Strategies for Recruiting Diverse Employees


  1. Top Down Support. Do not even begin to recruit minority candidates until your leadership is committed to the process. If you recruit simply to meet a quota imposed from the outside, your efforts will fail. Take the time necessary for your leadership to become enthused about the process through an understanding of why hiring members of minority communities will contribute to the success of the business or organization and ultimately benefit the majority, as well as the minority, community.
  2. Diversify Search Committee. Include diverse staff members on the search committee. If you have limited diversity on your staff, bring in diverse community members. Diverse committee members will have good ideas about where to look for candidates and will be able to help you see your business or organization from a minority candidate’s point of view. A few adjustments may make you a much more attractive employer.
  3. Show Enthusiasm. Make sure that minority staff members who participate in recruitment efforts are enthusiastic about Rochester and your business or institution. A potential minority candidate may be more likely to begin a conversation with a recruiter similar to him or her but, if the recruiter cannot be both honest and positive about the job and the city, the conversation is not likely to result in an interested candidate.
  4. Reach Minority Students. Focus your recruitment efforts on universities or community colleges where a majority of the students are from minority groups. Even more effective would be to form partnerships with one or more of these institutions. Find a way to participate in the institution or donate services or materials in such a way that the students are consistently reminded of the employment opportunities in your business or organization.
  5. Strategic Posting. Broaden the location of job postings. Seek out publications or local bulletin boards that are most likely to be read by diverse candidates.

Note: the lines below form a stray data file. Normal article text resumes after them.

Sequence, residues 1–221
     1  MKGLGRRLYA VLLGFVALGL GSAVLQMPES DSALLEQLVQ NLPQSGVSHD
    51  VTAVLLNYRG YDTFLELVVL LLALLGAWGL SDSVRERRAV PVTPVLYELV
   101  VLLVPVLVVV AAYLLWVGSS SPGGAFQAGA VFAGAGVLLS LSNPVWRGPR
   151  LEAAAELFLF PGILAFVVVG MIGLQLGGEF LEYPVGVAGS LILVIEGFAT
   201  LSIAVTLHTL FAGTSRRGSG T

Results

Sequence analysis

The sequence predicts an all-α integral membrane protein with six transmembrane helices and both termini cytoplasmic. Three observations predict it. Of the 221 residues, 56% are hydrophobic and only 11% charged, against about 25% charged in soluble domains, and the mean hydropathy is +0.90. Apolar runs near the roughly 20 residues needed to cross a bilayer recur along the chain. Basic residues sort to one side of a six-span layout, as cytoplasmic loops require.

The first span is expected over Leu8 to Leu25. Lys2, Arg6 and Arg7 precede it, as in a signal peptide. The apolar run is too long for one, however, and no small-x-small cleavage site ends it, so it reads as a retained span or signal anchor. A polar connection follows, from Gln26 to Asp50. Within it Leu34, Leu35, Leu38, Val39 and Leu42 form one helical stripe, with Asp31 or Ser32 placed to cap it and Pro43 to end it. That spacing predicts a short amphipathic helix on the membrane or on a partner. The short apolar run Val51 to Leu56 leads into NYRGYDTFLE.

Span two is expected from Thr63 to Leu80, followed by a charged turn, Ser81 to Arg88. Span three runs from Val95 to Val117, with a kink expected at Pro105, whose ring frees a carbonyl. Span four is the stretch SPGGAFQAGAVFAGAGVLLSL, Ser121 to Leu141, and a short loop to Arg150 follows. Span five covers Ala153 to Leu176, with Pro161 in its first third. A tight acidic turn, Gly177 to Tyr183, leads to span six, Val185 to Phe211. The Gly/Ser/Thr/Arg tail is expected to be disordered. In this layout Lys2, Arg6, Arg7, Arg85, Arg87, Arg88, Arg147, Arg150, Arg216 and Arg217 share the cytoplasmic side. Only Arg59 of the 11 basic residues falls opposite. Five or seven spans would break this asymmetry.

6. Emphasize Skills. Pay attention to the wording of the job advertisement. Emphasize the skills required for the job over academic degrees that an otherwise-qualified candidate may not have. Be sure to encourage diverse applicants to apply and include any details that might be particularly attractive to diverse applicants.
  7. Look for Potential. Keep an open mind when you are evaluating the credentials of minority candidates. Recognize the value of nonacademic experience. Acknowledge the value of succeeding against the odds.
  8. Look at Your Own Ranks. Seek out potential among the diverse employees in lower levels of your organization. Your current employees already live in Rochester and have shown an interest in your industry or profession. Many factors may have kept them from applying for higher-level positions, including not knowing about potential jobs, lack of familiarity with job qualifications or application procedures, deficiency in career counseling in the employee’s high school, the belief that they won’t be given a fair chance, and low expectations for themselves. Educational support and effective mentoring can maximize the potential of your diverse employees.
  9. Community Support. Garner community support for a diverse workforce and involve the community in your recruitment process. When a candidate comes for a site visit, create opportunities for him or her to meet people who understand the value of a diverse workforce and who will make the candidate feel welcome in Rochester. Real estate agents, lenders, members of the business community, teachers, and community leaders can be helpful in this regard. A candidate might also want to talk about Rochester with community members who belong to his or her minority group. Special introductions to or even interviews with potential employers of the candidate’s spouse can be very helpful also.
  10. Think Positive. Believe that you can be successful. Believe that you have a job, an opportunity, and a future that will be challenging and fulfilling for diverse employees. If you don’t believe it, your candidates won’t either.

Developed by George Thompson.


Strategies for Retaining Diverse Employees